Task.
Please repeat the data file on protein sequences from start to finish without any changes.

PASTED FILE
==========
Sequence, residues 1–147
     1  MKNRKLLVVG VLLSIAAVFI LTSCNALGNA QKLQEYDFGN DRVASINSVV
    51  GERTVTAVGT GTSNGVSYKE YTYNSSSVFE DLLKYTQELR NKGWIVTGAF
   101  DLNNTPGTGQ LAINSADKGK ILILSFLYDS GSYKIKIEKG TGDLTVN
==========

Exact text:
Sequence, residues 1–147
     1  MKNRKLLVVG VLLSIAAVFI LTSCNALGNA QKLQEYDFGN DRVASINSVV
    51  GERTVTAVGT GTSNGVSYKE YTYNSSSVFE DLLKYTQELR NKGWIVTGAF
   101  DLNNTPGTGQ LAINSADKGK ILILSFLYDS GSYKIKIEKG TGDLTVN